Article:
The two of them met in a place neither of them were supposed to be.
In Hinata’s case, it was hiding from her family in one of Konoha’s run-down, close to abandoned city districts. It wasn’t the first time she had lied about late training sessions with her team, and Kiba and Shino were always willing to take her in for the night.
But not yet. Hinata had needed a moment to herself before she would burden others with her issues.
In any case, that was Hinata’s excuse. She did not, however, have an explanation for why she was currently staring at one of the other rookies when she had picked this alley for the exact reason that she wouldn’t run into other people. Especially not someone she knew.
She wasn’t going to say it out loud, but Hinata was fairly sure there was something extremely suspicious about Sakura sneaking through Konoha’s dark alleys while spattered with blood.
Hinata stared at Sakura. Sakura stared back. “This never happened,” Sakura blurted out and proceeded to disappear in a blur of pink hair and red blood smears.
Hinata was left behind, looking at the empty spot Sakura had occupied in stunned silence.
When it came out that Danzō had disappeared without a trace, Hinata felt an icy sense of foreboding and vowed to never investigate on the matter as long as she was still breathing.
Sakura hunted her down after Team 8’s training session the next day, and Hinata had the unnerving feeling that she had been following them, waiting for an opportunity to catch her alone. Sakura fell into step beside her, but Hinata froze on the spot.
She couldn’t help but look for traces of red on Sakura. There was nothing, her clothes and hair impeccably clean where they had been tainted with blood the night before.
“Sooo,” Sakura said, dragging out the word and failing hilariously at acting casual. “About yesterday–”
“I-I’m not g-going to tell a-anyone.” Hinata cut herself off, mortified at having interrupted Sakura. “I-I’m sorry.” What had gotten into her this morning?
Sakura blinked. “You’re sorry? I mean, it’s fine. Don’t worry. Glad that that’s out of the way.”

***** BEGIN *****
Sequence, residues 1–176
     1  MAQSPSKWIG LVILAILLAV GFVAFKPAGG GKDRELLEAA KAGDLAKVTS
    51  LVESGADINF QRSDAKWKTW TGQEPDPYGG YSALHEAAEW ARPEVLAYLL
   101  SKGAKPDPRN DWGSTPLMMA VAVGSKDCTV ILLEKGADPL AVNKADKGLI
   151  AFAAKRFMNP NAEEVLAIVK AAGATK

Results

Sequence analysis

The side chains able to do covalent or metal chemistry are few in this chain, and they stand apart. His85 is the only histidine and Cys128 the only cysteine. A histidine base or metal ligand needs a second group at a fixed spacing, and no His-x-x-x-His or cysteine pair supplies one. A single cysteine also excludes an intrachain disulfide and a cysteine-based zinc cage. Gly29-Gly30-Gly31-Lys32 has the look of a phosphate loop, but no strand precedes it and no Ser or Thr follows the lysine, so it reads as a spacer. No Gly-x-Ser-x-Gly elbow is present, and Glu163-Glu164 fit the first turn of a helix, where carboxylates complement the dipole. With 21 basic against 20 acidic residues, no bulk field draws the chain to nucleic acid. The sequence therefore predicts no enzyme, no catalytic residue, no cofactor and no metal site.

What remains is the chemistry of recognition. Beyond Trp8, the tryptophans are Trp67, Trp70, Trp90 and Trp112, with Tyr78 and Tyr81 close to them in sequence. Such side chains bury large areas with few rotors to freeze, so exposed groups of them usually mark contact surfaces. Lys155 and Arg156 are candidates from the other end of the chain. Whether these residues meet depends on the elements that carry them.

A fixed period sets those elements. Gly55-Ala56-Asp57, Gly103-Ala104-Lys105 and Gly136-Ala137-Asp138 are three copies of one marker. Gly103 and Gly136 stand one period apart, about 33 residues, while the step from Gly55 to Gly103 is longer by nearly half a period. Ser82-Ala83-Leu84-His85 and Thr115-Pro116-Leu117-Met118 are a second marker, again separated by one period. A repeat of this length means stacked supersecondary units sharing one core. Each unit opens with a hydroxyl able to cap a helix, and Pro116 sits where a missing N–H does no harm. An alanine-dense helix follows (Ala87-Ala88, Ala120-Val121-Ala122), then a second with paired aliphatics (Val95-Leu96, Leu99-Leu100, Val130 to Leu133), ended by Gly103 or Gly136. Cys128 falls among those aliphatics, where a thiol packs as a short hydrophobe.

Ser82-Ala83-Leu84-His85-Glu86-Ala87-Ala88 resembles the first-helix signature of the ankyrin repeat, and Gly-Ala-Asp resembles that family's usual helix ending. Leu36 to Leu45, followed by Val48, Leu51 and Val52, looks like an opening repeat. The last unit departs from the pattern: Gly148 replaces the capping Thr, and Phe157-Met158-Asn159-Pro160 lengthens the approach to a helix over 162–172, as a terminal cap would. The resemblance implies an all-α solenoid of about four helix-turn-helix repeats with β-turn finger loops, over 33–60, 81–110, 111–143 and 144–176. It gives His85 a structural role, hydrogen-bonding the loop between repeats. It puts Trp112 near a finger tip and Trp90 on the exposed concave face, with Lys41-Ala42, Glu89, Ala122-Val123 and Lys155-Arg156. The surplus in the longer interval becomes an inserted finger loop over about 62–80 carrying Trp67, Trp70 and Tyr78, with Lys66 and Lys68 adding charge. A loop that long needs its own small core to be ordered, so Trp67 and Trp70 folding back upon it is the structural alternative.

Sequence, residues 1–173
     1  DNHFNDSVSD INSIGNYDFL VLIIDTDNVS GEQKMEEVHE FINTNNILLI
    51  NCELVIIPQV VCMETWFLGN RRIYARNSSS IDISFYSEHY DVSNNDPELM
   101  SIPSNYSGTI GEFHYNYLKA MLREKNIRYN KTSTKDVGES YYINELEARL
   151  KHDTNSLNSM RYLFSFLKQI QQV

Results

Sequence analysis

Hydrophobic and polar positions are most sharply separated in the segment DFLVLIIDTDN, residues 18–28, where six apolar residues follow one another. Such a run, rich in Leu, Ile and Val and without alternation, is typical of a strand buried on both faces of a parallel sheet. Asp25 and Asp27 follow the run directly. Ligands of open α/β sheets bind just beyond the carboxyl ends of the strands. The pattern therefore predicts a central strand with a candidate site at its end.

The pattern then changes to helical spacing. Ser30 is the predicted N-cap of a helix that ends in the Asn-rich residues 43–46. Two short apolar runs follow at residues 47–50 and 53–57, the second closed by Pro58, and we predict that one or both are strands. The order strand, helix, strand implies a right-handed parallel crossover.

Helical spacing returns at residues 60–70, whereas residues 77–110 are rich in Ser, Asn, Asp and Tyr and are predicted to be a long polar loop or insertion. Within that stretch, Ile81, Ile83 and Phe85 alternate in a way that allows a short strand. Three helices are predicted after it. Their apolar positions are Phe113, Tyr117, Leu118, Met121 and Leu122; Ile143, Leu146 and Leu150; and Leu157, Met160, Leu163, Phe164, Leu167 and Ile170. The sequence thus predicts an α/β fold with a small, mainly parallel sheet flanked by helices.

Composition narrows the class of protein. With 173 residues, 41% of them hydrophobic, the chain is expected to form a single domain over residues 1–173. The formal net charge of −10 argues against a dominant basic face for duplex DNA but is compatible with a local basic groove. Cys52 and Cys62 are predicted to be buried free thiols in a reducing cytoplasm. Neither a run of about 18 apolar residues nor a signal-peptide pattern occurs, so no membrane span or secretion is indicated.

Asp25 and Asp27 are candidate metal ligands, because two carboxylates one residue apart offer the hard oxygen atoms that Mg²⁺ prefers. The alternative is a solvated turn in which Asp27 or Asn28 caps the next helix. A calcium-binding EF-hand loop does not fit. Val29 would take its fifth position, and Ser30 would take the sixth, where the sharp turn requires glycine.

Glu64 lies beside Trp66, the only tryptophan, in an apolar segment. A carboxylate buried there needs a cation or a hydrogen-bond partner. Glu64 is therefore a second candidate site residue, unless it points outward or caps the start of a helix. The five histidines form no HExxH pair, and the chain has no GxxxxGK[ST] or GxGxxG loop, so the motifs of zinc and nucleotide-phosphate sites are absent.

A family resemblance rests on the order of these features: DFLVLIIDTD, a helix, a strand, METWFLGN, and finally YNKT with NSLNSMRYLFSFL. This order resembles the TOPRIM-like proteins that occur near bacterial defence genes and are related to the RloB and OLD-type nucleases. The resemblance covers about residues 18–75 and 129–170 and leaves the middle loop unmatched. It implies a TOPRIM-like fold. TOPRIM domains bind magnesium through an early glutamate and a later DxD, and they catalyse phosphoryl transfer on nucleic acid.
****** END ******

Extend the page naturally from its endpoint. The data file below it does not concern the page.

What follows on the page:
Sakura did not offer to elaborate, and Hinata didn’t dare to ask. The silence between them was strained and uncomfortable.
“So um,” Sakura said, “did you have any plans for the rest of the day?”
Hinata was too stunned to answer, and Sakura took it as an invitation to keep going. “Let’s get dango. My treat!”
“B-But…” Hinata trailed off awkwardly. Sakura beamed at her, the sun reflected in her bubblegum pink hair, and Hinata didn’t find it in herself to decline.
A few days later, Hinata came out of training bruised and shaking. Hanabi had managed to master another technique, and the session with her father had been set at a punishingly difficult level.
Hinata contemplated seeking out one of her teammates, but she didn’t want them to see her as a burden. She knew that they would welcome her with open arms – and they had, regularly. But that was the problem. Hinata was tired of being the weak link. She was tired of having to be consoled and coddled.
“Hinata.” Sakura made her way through the streets carrying groceries, and Hinata wasn’t as surprised as she had been before. It seemed like Sakura had a knack for showing up unexpectedly. “You okay?”
“I-I…” Hinata tried to assure her that yes, of course she was alright, but the words got stuck in her throat.
She was aching all over, and some of the bruises were open on display. She should have made an attempt to heal at least the obvious ones, but after her training session she had been exhausted. She’d used up too much chakra in her attempt to please her father.
Sakura’s eyes flickered over her bruises, easily filling her in on what had happened, and Hinata wanted to cringe in shame. Why did she have to be so weak? She was a disgrace of a shinobi, and especially for a clan like the Hyūga. Not that her father ever let her forget.
“Ino and I are having a girls night out,” Sakura said, surprisingly dropping the subject instead of confronting her. “Which means we’ll probably beat each other to a pulp in a spar, then go to a bathhouse and do each other’s nails. You wanna join?”
Hinata was speechless. Of everything she had expected, that hadn’t been on the list. Feeling like she didn’t have anything more to lose, Hinata nodded.
Sakura was awesome. How had she never noticed the other girl before?